The Baltic Oil mystery

Posted by Neil Humeon Jun 15 10:50.

File this one with “the dog ate my homework”.

Here’s Aim-listed Baltic Oil Terminals explaining why its shares have been suspended on Wednesday.

From a company press release.

Emphasis ours.

In early 2011 the Company made significant changes to the senior management team at its operations in Kaliningrad, Russia which included the dismissal of a senior employee. Following these changes it became clear that some of the local financial records had either been destroyed or removed and an attempt made at replacing these with falsified information.

The Directors do not believe that these actions have led to any previous financial information reported to the market proving erroneous, however, the Company has had to conduct an exercise to reconstruct the accounting records at its operations in Kaliningrad based on primary sources of information, in particular the receipts of inventory received into the terminals. The Directors had expected that this process would have been completed by now. However, they are now of the view that this process, and hence Grant Thornton’s audit of the Annual Accounts, will now not be completed by 30 June 2011.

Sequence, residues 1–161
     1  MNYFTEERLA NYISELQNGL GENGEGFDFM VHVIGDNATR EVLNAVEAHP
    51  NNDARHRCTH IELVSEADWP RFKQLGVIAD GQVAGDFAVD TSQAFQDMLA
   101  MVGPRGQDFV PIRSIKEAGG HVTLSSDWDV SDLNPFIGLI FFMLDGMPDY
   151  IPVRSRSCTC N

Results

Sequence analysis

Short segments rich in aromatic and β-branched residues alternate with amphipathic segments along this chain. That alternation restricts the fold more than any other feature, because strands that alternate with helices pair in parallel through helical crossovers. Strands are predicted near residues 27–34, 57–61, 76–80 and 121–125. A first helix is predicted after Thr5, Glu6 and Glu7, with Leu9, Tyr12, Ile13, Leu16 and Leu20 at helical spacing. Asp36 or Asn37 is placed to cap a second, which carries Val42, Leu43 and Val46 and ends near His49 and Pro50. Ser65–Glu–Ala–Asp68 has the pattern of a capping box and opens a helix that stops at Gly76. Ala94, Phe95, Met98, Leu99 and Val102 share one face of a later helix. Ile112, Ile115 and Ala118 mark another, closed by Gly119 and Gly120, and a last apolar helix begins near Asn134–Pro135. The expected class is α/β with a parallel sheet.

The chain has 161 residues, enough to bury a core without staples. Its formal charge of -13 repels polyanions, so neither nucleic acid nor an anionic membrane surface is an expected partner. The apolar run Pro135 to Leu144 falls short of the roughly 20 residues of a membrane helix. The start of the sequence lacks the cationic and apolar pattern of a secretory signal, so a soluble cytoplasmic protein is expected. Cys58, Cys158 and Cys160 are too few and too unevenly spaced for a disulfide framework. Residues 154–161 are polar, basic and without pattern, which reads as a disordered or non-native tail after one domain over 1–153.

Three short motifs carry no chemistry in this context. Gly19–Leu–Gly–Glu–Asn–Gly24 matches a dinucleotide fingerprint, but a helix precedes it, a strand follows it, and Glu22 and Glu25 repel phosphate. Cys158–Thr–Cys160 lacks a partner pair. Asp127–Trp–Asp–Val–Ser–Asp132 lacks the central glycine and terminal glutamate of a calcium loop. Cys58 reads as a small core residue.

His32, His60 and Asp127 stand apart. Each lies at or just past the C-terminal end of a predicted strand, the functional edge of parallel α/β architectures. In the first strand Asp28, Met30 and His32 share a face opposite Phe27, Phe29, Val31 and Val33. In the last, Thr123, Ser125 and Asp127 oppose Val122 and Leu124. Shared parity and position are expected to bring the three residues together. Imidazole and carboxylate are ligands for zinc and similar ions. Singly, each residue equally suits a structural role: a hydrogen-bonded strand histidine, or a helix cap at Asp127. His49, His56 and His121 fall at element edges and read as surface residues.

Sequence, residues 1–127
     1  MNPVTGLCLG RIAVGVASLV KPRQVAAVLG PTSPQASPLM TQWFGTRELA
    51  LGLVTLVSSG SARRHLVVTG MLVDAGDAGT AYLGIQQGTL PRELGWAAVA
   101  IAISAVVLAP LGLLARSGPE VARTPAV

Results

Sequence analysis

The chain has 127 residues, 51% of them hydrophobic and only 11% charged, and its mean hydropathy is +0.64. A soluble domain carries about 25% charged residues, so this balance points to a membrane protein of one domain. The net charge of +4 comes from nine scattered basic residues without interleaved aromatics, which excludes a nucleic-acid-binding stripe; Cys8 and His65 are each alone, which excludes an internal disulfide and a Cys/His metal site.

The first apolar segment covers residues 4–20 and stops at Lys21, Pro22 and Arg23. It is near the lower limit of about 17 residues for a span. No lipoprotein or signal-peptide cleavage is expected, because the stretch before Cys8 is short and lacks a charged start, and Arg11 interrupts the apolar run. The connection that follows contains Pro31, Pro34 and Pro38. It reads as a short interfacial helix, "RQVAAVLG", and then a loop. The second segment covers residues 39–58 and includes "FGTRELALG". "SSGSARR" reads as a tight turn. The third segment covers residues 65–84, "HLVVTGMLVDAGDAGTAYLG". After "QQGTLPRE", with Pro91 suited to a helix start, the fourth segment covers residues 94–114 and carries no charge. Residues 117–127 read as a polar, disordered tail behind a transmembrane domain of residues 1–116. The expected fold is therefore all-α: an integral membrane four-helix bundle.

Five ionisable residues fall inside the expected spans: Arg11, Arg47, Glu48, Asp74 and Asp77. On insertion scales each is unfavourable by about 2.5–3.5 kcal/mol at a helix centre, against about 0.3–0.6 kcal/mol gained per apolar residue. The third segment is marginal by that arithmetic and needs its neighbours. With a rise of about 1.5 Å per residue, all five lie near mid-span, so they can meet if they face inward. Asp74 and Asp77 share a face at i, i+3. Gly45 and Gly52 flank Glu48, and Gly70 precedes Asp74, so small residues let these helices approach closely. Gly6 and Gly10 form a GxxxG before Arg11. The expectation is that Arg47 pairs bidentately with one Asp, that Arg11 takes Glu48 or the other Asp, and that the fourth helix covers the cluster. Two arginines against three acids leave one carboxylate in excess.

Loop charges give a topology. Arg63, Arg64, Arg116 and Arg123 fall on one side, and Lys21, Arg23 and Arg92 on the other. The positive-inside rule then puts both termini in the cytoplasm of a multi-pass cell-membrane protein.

Dockers, eh.

Now, under rules of London’s junior market companies have six months to publish results following their fiscal year-end. In the case of Baltic Oil, which has a 50 per cent interest in Rosbunker transhipment terminal in Baltysk, that was December 31st.

In spite of the missing papers and the potential for falsification, Baltic insists results will be in line with expectations and says there’s no reason to doubt its trading performance or the financial position of its Russian operations.

It is believed that the trading performance and financial position of the operations in Russia are not matters of uncertainty; rather it is the detail of the books and records and their current ability to be audited that is the issue.

All the same it’s somewhat disconcerting especially given the dismal performance of this company since its flotation at 140p a share in 2006.

This entry was posted by Neil Hume on Wednesday, June 15th, 2011 at 10:50 and is filed under Capital markets. Tagged with , , , .

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